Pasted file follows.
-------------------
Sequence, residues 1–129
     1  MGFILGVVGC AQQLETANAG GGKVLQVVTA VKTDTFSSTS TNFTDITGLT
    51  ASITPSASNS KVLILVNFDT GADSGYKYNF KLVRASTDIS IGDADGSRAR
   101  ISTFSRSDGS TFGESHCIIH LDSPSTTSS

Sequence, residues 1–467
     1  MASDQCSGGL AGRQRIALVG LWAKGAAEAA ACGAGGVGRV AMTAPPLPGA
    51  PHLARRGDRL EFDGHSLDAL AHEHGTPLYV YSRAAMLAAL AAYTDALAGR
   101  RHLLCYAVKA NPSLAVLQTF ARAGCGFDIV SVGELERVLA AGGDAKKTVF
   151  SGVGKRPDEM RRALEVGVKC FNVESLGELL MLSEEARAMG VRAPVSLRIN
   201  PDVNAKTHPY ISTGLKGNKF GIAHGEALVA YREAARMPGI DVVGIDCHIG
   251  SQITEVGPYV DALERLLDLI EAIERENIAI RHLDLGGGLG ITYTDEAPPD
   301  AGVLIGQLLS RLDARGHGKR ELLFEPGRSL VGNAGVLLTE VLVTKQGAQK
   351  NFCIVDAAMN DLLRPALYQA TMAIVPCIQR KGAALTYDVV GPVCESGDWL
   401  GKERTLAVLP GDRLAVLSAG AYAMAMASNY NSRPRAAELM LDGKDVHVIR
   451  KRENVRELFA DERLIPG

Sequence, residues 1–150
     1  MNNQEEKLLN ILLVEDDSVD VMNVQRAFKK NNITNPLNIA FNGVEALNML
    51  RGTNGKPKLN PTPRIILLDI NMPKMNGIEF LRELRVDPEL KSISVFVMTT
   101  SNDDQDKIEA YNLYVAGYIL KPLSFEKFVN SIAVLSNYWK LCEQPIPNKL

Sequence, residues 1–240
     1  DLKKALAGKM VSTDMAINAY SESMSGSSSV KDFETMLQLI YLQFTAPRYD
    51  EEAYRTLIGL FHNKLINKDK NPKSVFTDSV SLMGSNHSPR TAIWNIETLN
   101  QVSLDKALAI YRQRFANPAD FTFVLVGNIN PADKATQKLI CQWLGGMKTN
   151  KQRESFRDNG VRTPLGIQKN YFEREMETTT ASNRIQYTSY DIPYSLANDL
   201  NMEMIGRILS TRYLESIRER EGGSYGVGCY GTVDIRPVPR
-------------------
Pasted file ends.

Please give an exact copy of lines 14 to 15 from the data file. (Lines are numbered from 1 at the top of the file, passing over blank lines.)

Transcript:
   401  GKERTLAVLP GDRLAVLSAG AYAMAMASNY NSRPRAAELM LDGKDVHVIR
   451  KRENVRELFA DERLIPG